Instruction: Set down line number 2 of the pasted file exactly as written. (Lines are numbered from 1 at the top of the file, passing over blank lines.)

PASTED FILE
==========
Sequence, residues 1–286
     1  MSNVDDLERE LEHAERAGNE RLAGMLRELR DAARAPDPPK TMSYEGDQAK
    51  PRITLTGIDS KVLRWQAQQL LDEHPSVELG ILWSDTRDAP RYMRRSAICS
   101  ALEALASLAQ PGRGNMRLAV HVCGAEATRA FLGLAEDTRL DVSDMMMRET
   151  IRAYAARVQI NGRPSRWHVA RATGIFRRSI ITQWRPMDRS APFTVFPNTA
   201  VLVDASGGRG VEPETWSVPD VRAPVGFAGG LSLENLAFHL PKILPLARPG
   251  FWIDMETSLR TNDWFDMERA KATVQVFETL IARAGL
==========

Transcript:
     1  MSNVDDLERE LEHAERAGNE RLAGMLRELR DAARAPDPPK TMSYEGDQAK